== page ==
Vaccines are reportedly on the way.

So, what happens if there is conflict between separated parents about whether a child should be vaccinated?

Who decides?

What about the public health priority?

“Two recent decisions provide a helpful hint as to how our courts might approach disputes between parents about whether their children should be vaccinated.

In Tarkowski v. Lemieux [2020] O.J. No. 2627, both parents argued at trial for sole custody of their 6-year-old daughter. The court ultimately granted custody to the mother with the proviso that the father would have custody over all vaccination-related decisions.

Justice Penny Jones noted evidence that the mother had a checkered history regarding her child’s vaccinations, including a belief that vaccines might be linked to autism or immune system problems.

The court granted the father decision-making power with respect to vaccinations after considering the prevalence and impact of the COVID-19 pandemic. Notably, this decision-making power included the authority to vaccinate the child with a future COVID-19 vaccine.

The court approached this issue with an eye towards the greater public’s health in addition to the child’s health. As Justice Jones stated at para. 74, “Since children and young people often show little or no reaction to the virus, a decision to vaccinate a child may be informed by a public health concern that COVID-19 is a virus that is easily spread and which disproportionately harms older people, and people with challenged immune systems. Ultimately, a decision to vaccinate [the child] may be a decision to protect other vulnerable people against [the child] spreading the disease.”

In another decision, B.C.J.B. v. E.R.R. [2020] O.J. No. 4273, the court heard a motion that addressed a father’s request to be granted decision-making authority over having their child vaccinated.

At the heart of the dispute was determination of the applicable test for transferring decision-making authority over vaccinations from one parent to the other, prior to a trial of the issue. The father argued that the test was the “best interests of the child,” while the mother, who had sole custody of the child pursuant to an early parenting agreement, argued that in order to change the status quo, the father needed to establish “exigent circumstances.”

The court ultimately held that since this was not a variation case, the focus ought to be on the best interests of the child. The crux of the father’s argument in support of vaccinating the parties’ son was that the child, who had not been vaccinated in accordance with the standard Ontario vaccinations for children of his age, was at an elevated level of risk due to the pandemic, and the best interests of the child therefore necessitated a ruling pretrial.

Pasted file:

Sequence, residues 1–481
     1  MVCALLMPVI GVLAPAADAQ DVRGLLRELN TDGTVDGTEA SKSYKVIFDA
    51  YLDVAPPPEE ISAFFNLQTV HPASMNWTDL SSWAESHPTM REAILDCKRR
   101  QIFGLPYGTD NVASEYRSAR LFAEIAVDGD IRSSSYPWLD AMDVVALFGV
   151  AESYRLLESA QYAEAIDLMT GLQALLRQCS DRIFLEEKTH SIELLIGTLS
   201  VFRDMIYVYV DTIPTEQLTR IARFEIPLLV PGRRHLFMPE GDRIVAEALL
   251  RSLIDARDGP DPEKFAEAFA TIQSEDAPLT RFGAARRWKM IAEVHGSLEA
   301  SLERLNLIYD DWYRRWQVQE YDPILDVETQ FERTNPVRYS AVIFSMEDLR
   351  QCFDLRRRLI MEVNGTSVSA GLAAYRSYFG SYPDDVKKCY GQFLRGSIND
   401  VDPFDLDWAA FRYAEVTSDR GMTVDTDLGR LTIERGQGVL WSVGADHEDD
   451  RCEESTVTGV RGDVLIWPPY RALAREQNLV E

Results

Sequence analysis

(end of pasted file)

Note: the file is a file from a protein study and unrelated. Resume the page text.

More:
The motion judge, Justice Alex Finlayson, ruled in favour of the father, stating at paragraph 124, “I find the child is already exposed to risk by not being vaccinated as it is. It is not an answer to argue that the child has not contracted a disease during the last 10 years, so what’s the harm in waiting a few more months to trial. This, in effect, is what the mother argues. If it is in the child’s best interests to act now, then the Court should intervene.”

The motion judge very deliberately stated that the father’s pretrial vaccine powers did not extend to a COVID-19 vaccine, which would need to be addressed at trial.

A takeaway for counsel from these cases is that once a COVID-19 vaccine is released, the best interests of the child will most likely determine whether a child should be vaccinated, irrespective of the de facto custodial parent’s personal views on vaccinations.

It remains to be seen how the court will balance consideration of a child’s best interests with broader public health interests and the prevalence of anti-vaccination beliefs, but these two cases point in the direction of a likely wider judicial affirmation of the necessity of COVID-19 vaccination for children, even where one parent objects.”


Garry J. Wise, Simran Bakshi and Joshua Prizant, Wise Law Office, via, Dec. 9, 2020

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